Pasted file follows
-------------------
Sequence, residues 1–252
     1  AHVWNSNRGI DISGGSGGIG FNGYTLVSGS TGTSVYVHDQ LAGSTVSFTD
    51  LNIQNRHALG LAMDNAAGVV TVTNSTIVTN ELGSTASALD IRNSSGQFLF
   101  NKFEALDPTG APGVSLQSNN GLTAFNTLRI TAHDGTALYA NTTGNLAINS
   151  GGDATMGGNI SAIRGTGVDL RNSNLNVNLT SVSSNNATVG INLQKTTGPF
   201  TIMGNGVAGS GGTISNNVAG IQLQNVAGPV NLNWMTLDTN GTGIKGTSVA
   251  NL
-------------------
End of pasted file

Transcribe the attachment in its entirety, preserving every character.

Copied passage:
Sequence, residues 1–252
     1  AHVWNSNRGI DISGGSGGIG FNGYTLVSGS TGTSVYVHDQ LAGSTVSFTD
    51  LNIQNRHALG LAMDNAAGVV TVTNSTIVTN ELGSTASALD IRNSSGQFLF
   101  NKFEALDPTG APGVSLQSNN GLTAFNTLRI TAHDGTALYA NTTGNLAINS
   151  GGDATMGGNI SAIRGTGVDL RNSNLNVNLT SVSSNNATVG INLQKTTGPF
   201  TIMGNGVAGS GGTISNNVAG IQLQNVAGPV NLNWMTLDTN GTGIKGTSVA
   251  NL